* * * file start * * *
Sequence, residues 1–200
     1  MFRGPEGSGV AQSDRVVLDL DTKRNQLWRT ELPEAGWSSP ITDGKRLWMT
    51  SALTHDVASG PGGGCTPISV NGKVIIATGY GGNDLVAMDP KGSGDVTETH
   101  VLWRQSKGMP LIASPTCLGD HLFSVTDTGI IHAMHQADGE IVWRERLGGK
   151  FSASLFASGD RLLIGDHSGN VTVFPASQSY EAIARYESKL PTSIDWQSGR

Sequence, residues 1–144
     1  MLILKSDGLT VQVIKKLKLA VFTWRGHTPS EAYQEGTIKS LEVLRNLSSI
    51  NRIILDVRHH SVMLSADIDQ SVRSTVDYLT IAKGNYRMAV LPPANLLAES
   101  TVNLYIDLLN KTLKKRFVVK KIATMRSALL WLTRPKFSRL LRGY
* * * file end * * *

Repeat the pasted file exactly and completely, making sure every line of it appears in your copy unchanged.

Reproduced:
Sequence, residues 1–200
     1  MFRGPEGSGV AQSDRVVLDL DTKRNQLWRT ELPEAGWSSP ITDGKRLWMT
    51  SALTHDVASG PGGGCTPISV NGKVIIATGY GGNDLVAMDP KGSGDVTETH
   101  VLWRQSKGMP LIASPTCLGD HLFSVTDTGI IHAMHQADGE IVWRERLGGK
   151  FSASLFASGD RLLIGDHSGN VTVFPASQSY EAIARYESKL PTSIDWQSGR

Sequence, residues 1–144
     1  MLILKSDGLT VQVIKKLKLA VFTWRGHTPS EAYQEGTIKS LEVLRNLSSI
    51  NRIILDVRHH SVMLSADIDQ SVRSTVDYLT IAKGNYRMAV LPPANLLAES
   101  TVNLYIDLLN KTLKKRFVVK KIATMRSALL WLTRPKFSRL LRGY